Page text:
Edited by: Ananya Khandelwal
I’ll be honest, 2022 hasn’t been my year so far. As if the Spring Semester wasn’t hard enough, testing positive for Covid just felt like the universe was testing me. So while isolating and slowly losing my sanity, I began to remember what I was longing for the most at this time—conversations and people.
It was like a hidden compartment had opened in my head. A compartment with files for all the interactions I had over the past 18 years. From my childhood best friend to my house help growing up, I replayed memories from a perspective I had never thought of before. Slowly, I began remembering the people I had just one simple interaction with, never to be seen or heard from again. For the sake of this article, I’ve narrowed it down to three people. I call them my ‘ordinary unordinary people’ because they’re seemingly ordinary, but with just one conversation, they changed the way I look at the world, taught me something new, and had an impact on me that will last a lifetime.
- The deaf Artist in Oxford Library: 2017:
I met a man who was selling paintings in a small corner of the library in Connaught place. I vividly remember being intrigued by his work so I went closer to inspect. As I approached, he got up with excitement and pointed to his palm which read “I am a deaf artist.” Before I could react, he smiled and took out an almost filled sketchbook from under the table, as if that was reserved for the people who noticed him. While flipping the pages, I could tell how proud of it he was, and only with this one interaction, I was intrigued. Art was what gave him joy and he taught me how if you really want to do something, it’s not about what others think of you, it’s what you think of yourself. We both bonded without any words over colours on paper and I realised how liberating it must be to live life on your own terms
- The Scottish Explorer in Prague: 2019:
Eccentric would be an understatement to describe this man. In his checked kilt and tam hat,
he sang, he danced and he told us about his adventures in one of the busiest town squares in Prague. He called himself ‘The People Glue’, for his only purpose was to bring everyone together. Going from person to person, he asked about their day and life. By the time he came to me, he had just one simple question— ‘what are you grateful for today?’ Satisfied with my answer, he decided to leave us with one final message— “enjoy the little things” he said as he cycled away in search of another group. I was indeed grateful for being where I was at that moment because I got to interact with somebody who lived every day to the fullest.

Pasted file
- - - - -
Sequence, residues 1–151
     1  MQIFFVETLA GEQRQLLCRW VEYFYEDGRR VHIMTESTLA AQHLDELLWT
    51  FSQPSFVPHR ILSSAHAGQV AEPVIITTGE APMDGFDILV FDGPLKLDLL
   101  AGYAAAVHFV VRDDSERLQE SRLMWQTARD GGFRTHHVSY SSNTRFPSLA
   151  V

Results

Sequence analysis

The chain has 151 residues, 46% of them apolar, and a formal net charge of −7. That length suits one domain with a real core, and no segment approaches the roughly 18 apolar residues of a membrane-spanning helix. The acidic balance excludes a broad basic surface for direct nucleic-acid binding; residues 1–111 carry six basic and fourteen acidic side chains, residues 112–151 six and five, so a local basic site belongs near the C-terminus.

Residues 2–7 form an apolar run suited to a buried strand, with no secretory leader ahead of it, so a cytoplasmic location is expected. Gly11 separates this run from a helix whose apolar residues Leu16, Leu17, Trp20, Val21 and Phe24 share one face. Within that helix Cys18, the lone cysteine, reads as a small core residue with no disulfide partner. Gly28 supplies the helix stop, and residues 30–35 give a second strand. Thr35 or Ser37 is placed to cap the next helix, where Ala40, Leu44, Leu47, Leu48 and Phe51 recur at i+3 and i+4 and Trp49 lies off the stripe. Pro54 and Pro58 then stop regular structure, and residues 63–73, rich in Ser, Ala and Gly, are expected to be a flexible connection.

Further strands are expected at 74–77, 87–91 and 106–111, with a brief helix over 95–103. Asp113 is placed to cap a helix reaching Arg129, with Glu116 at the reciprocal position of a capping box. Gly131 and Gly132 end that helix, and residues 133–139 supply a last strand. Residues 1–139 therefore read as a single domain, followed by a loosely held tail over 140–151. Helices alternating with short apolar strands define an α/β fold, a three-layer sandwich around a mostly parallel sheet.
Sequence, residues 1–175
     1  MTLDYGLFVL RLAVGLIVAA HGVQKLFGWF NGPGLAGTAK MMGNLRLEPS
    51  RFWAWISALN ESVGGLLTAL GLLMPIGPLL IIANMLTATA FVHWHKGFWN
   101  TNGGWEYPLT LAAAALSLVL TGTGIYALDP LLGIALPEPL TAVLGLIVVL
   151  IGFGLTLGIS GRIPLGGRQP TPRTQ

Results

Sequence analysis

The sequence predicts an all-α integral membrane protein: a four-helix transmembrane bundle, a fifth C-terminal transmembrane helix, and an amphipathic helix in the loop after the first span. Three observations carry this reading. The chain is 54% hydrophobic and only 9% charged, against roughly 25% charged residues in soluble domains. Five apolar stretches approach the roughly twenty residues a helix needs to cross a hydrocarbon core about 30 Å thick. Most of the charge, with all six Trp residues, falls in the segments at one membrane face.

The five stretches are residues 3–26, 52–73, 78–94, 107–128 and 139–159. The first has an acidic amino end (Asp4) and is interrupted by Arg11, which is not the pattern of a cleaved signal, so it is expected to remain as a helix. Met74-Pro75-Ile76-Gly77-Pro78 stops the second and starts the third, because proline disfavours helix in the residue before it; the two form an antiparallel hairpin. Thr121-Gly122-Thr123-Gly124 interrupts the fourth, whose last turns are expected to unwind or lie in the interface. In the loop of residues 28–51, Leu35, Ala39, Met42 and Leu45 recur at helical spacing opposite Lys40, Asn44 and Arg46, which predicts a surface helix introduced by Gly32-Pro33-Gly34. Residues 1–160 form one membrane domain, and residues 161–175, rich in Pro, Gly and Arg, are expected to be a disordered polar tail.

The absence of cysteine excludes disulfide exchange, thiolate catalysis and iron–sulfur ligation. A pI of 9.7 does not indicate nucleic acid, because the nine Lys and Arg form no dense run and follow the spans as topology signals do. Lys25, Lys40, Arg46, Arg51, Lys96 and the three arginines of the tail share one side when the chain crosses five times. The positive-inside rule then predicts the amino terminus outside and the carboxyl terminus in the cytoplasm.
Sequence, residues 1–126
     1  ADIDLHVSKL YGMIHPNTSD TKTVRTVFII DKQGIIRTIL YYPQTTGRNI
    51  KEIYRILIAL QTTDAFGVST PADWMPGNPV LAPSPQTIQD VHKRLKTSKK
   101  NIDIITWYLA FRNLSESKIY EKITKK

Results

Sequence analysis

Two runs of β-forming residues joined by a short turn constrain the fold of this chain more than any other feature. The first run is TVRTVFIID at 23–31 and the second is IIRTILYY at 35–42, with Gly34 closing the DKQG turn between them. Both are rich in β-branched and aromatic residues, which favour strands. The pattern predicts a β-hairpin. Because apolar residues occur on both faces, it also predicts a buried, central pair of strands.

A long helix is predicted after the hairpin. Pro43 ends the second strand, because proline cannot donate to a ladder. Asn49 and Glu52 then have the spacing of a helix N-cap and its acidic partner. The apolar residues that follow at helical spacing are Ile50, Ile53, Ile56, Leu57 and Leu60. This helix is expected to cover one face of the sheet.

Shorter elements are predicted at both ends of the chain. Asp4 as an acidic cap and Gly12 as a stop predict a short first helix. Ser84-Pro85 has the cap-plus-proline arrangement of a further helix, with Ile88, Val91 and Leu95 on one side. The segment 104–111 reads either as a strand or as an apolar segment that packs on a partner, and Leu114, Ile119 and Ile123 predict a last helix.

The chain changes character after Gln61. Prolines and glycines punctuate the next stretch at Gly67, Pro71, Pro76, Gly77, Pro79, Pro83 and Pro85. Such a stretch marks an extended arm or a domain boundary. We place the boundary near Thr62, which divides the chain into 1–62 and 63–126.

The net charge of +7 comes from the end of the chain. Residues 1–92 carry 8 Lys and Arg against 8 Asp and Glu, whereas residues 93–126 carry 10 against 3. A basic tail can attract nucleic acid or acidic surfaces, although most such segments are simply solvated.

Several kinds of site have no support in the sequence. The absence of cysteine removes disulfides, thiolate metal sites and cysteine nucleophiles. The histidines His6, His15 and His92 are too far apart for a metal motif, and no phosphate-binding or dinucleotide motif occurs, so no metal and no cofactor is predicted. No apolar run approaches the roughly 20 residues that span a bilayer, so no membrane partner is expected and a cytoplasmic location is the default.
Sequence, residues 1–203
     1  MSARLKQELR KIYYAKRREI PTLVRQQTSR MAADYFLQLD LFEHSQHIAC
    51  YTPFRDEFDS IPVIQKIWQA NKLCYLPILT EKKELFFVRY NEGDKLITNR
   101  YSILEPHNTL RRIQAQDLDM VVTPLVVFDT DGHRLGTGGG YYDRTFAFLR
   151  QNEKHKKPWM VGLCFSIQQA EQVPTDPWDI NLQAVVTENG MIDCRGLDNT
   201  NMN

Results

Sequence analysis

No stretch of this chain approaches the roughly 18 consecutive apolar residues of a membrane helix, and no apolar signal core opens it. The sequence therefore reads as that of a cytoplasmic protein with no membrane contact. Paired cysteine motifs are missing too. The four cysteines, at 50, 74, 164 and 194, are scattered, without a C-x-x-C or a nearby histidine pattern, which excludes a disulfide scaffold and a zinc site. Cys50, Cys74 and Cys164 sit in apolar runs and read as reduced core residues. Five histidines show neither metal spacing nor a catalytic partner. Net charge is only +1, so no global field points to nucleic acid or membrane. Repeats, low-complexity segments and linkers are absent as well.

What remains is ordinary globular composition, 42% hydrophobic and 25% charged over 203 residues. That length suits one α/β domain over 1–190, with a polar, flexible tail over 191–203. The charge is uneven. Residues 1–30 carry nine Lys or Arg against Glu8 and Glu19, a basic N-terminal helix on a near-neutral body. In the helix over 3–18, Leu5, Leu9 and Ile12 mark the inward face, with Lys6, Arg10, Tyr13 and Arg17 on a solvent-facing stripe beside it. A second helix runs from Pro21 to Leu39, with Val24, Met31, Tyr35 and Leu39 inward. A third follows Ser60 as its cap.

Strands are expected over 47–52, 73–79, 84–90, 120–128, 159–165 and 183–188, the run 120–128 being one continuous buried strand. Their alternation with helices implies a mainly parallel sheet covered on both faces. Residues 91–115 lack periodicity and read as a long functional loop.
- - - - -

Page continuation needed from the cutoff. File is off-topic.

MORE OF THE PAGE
- The German Polar Bear Conserver: 2011:
As an eight-year-old, I went to the Munich Zoo with no expectations but a lot of excitement. After the initial roaming around and seeing animals I had never seen before, I went to the ice enclosure to see an animal I was absolutely obsessed with at the time—Polar bears. There weren’t too many people, just this young boy who seemed as fascinated with the snow bear as I was. “They should not be here,” he said. Confused, I looked around and realised he was talking to me. For the next three minutes, this boy, who was as young as me , continued to tell me about the poor living conditions of the arctic animals and how keeping them captive is doing long-term harm. I remember that day not as the first time I saw a polar bear but as my first encounter with wildlife conservation and protection.
So by now, you must have realised that my ordinary unordinary people aren’t magicians. They aren’t superheroes or famous celebrities—they’re normal people who left an impact on me because their perception of the world is something I wish to incorporate into my life. I don’t know their names or their stories. The only thing I know about them is the one small aspect of their life they shared with me. I wish I could meet them again or tell them the impact they had on me but I can’t so instead, I hope you think about your ordinary unordinary people as you finish reading this article. They probably won’t remember you, but hold on to that little conversation you didn’t think twice about at the time. If you’re lucky, then maybe five years later, you’ll see a painting, a kilt, and a polar bear, and understand there’s meaning even when you don’t realise it instantly— it comes to you when you’re isolating from the world, opening up hidden compartments in your head.